Elvas

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For other uses, see Elvas (disambiguation).
Elvas
Municipality
Flag of Elvas
Flag
Coat of arms of Elvas
Coat of arms
Location in Portugal
Location in Portugal
Coordinates: 38°52′N 7°09′W / 38.867°N 7.150°W / 38.867; -7.150Coordinates: 38°52′N 7°09′W / 38.867°N 7.150°W / 38.867; -7.150
Country  Portugal
Region Alentejo
District/A.R. Portalegre
Government
 • Mayor José Almeida (PS)
Area
 • Total 631.3 km2 (243.7 sq mi)
Population
 • Total 23,691
 • Density 36/km2 (90/sq mi)
Parishes (no.) 11
Municipal holiday
January 14
Website http://www.cm-elvas.pt

Elvas (Portuguese pronunciation: [ˈɛɫvɐʃ]) is a Portuguese municipality, an episcopal city and frontier fortress of Portugal, located in the district of Portalegre in Alentejo. It is situated about 230 km east of Lisbon, and about 15 km west of the Spanish fortress of Badajoz, by the Madrid-Badajoz-Lisbon railway. The city itself has a population of 18,106.[1]

Elvas is among the finest examples of intensive usage of the trace italienne (star fort) in military architecture, and is a World Heritage Site since 30 June 2012. The inscribed site name is Garrison Border Town of Elvas and its Fortifications.

History[edit]

Elvas lies on a hill 8 km northwest of the river Guadiana. It is defended by seven bastions and the two forts of Santa Luzia and Nossa Senhora da Graça. Its late Gothic cathedral, which has also many traces of Moorish influence in its architecture, dates from the reign of Manuel I of Portugal (1495–1521). A 6 km long aqueduct supplies the city with pure water; it was begun early in the 15th century and completed in 1622. For some distance it includes four tiers of superimposed arches, with a total height of 40 m. The surrounding lowlands are very fertile, and Elvas is known for its olives and plums, the last-named being exported, either fresh or dried, in large quantities. Brandy is distilled and pottery manufactured in the city. The fortress of Campo Maior, 15 km to the northeast, is famous for its siege by the French and relief by the British under Marshal Beresford in 1811, an exploit commemorated in a ballad by Sir Walter Scott.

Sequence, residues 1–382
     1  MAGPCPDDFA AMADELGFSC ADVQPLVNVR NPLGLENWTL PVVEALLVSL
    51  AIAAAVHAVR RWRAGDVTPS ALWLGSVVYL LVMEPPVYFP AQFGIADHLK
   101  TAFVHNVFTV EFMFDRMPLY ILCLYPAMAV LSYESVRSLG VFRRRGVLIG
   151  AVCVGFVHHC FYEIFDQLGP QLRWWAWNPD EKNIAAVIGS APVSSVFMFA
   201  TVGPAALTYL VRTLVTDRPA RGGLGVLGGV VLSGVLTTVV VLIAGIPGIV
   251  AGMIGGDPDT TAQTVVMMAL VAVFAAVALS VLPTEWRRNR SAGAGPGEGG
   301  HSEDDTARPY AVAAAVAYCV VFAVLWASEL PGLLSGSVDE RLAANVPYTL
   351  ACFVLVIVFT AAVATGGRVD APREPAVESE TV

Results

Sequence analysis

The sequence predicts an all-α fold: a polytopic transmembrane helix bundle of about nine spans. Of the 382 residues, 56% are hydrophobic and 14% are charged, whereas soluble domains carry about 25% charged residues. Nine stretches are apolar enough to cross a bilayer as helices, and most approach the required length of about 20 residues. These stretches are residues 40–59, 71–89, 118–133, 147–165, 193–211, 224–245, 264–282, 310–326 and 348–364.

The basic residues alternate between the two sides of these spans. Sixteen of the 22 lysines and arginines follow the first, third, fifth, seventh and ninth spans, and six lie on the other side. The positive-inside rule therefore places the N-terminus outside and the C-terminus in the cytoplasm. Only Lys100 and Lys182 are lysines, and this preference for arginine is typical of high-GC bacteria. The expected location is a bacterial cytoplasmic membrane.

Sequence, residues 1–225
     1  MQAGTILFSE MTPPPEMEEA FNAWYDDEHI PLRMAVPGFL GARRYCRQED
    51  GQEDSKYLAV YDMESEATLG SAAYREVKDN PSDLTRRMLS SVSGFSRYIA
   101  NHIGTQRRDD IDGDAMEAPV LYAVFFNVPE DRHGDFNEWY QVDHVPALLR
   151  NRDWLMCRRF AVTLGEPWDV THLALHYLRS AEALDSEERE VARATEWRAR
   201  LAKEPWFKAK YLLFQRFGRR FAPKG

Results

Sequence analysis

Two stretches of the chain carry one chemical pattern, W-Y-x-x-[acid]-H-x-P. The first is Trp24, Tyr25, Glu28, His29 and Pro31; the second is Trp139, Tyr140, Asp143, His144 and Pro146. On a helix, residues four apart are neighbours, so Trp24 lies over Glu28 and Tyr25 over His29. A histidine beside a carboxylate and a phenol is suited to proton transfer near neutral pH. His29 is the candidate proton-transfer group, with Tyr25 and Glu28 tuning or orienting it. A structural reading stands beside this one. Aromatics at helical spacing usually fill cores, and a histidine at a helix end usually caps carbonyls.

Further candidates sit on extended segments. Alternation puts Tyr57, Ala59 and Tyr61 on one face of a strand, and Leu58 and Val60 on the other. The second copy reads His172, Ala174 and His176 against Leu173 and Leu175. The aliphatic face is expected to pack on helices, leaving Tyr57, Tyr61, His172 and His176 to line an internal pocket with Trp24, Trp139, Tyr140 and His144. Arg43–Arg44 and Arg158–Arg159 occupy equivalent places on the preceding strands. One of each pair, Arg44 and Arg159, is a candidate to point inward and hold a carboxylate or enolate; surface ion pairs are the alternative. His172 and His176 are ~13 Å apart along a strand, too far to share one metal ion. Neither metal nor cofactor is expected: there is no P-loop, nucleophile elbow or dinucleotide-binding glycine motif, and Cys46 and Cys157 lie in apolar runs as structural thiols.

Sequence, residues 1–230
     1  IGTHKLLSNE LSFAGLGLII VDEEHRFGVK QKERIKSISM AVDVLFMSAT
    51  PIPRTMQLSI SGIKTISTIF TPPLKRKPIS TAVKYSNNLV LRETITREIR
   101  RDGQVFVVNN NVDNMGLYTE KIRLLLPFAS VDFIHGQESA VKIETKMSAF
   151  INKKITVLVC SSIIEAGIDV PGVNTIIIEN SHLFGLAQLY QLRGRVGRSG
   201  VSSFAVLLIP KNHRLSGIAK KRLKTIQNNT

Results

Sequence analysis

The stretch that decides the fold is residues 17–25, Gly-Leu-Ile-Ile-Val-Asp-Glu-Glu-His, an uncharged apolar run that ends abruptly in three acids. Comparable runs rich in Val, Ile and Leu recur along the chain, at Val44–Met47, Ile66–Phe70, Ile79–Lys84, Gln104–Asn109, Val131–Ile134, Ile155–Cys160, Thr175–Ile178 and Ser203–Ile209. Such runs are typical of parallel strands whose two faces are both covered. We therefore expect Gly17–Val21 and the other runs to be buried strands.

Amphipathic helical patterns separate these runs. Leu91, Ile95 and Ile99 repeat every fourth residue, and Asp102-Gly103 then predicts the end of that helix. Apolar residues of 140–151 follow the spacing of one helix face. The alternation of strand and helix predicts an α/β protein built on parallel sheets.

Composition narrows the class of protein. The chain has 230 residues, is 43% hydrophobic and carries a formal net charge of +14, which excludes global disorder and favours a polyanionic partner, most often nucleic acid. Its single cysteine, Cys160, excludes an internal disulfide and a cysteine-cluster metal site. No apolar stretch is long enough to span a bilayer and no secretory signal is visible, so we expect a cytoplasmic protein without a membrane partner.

It was wrested from the Moors by Afonso I of Portugal in 1166; but was temporarily recaptured before its final occupation by the Portuguese in 1226. In 1570 it became an episcopal see. From 1642 until modern times it was the chief frontier fortress south of the Tagus; and it twice withstood sieges by the Spanish, in 1658 and 1711. The French under Marshal Junot took it in March 1808 during the Peninsular War, but evacuated it in August, after the conclusion of the Convention of Sintra.

Country sight. The trees in the foreground are cork oaks (Quercus suber), together with the remains of a cut wheat field . In second and third plan we can see vineyards (Vitis vinifera) and olive trees (Olea europea).

Parishes[edit]

  • Ajuda, Salvador e Santo Ildefonso
  • Alcáçova
  • Assunção
  • Barbacena
  • Caia e São Pedro
  • Santa Eulália
  • São Brás e São Lourenço
  • São Vicente e Ventosa
  • Terrugem
  • Vila Boim
  • Vila Fernando

Sister cities[edit]

Gallery[edit]

References[edit]

  1. ^ UMA POPULAÇÃO QUE SE URBANIZA, Uma avaliação recente – Cidades, 2004 Nuno Pires Soares, Instituto Geográfico Português (Geographic Institute of Portugal)